The 7th of September 1940 saw the start of the London Blitz. In an attempt to crush British morale and force a surrender from Churchill, Hitler ordered his bombers to embark upon a ferocious and sustained bombing campaign. On "Black Saturday" - as the first day of the Blitz would come to be known - 348 German bombers attacked London, forming a 20 mile wide block of aircraft filling 800 square miles of sky.

London was bombed for 76 consecutive nights. By the time the bombing ended in May 1941 more than 20,000 people had been killed, and nearly one and a half million had lost their homes.

Broadcaster and author Rosie Millard explores the technology of the Blitz, from the iconic searchlights which swept the sky hunting for German bombers, to the woefully inaccurate "Ack-Ack" anti-aircraft guns.

Rosie speaks to Londoners who were charged with operating the many technological devices that became part of the fabric of daily life in London during the Blitz. She hears the fascinating story of those who oversaw the enormous hydrogen filled barrage balloons that floated eerily above the city, with the purpose of warding off low flying enemy pilots.

Rosie also visits the Royal Air Force Museum at Hendon in North London. She is shown around their extensive collection, which includes many startling examples of the machines that defended our capital during the dark days of the Blitz, 70 years ago.

Producer: Max O'Brien
A Juniper production for BBC Radio 4.

TUE 11:00 Saving Species (b00tmlh0)
Series 1

Episode 19

19/40 Over August, the European Cranes we have been monitoring in Saving Species have been moved to their new home in the Somerset Levels. Earlier in the year they were brought over from Germany - still as eggs! - they were then hatched at the Wildfowl & Wetlands Trust (WWT) Centre in Slimbridge and hand reared. Extraordinary efforts have been made not to expose these birds to people and WWT have even taught them to be wary of terrestrial predators by using a wildfowl decoy dog, which looks like a fox. We are going to be live on the Somerset Levels to witness the release of the European Crane by the RSPB, another collaborator in the release project. Pensthorpe Conservation Trust are also partners in this sophisticated conservation work - all of whom are helping to bring the lanky European Crane back to the Somerset Levels, not seen in the South West for over 400 years. And they join many other long-legged birds resident in the reedbeds, including the Heron and the Bittern.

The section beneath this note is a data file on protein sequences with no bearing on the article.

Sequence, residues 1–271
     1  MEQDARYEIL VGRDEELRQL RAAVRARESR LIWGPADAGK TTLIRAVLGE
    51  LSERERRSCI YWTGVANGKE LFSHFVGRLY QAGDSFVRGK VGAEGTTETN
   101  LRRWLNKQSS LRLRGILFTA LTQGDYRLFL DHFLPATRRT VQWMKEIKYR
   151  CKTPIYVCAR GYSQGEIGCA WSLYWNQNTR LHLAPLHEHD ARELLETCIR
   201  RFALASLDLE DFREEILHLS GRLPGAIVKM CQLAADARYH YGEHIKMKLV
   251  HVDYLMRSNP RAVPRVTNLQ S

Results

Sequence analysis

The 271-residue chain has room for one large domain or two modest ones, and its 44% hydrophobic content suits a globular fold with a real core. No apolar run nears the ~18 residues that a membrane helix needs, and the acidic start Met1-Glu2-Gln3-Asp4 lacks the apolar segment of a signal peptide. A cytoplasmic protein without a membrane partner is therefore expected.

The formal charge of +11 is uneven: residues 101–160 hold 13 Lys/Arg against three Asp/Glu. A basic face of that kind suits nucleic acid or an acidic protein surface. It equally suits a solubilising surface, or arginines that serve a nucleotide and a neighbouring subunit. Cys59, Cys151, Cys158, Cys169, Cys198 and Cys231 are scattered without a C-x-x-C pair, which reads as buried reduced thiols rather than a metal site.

Follow the links below to see mug shots of the wild cranes.

And we get into citizen science. The Open University with OPAL (open air laboratory) launch a hedge row survey for us to conduct and we join a "BioBlitz" in Dorset - all lay people oberserving and recording and filingthe data on public record. But is it of any real value? We ask the questions.

Presented by Brett Westwood
Produced by Kirsty Henderson
Series Editor Julian Hector.

TUE 11:30 In Search of the Singing Postman (b00tmlh2)
The writer DJ Taylor grew up in Norfolk. When he was missing his roots, he'd put on a record by Allan Smethurst, The Singing Postman, to remind him of home.

Smethurst is best known for one song - Have You Got A Loight Boy. By the mid 1960's he featured on the pop chart, just behind The Moody Blues. With his goofy smile and postman's uniform, he was the one hit wonder to end all one hit wonders. But DJ Taylor believes he was something far more than that.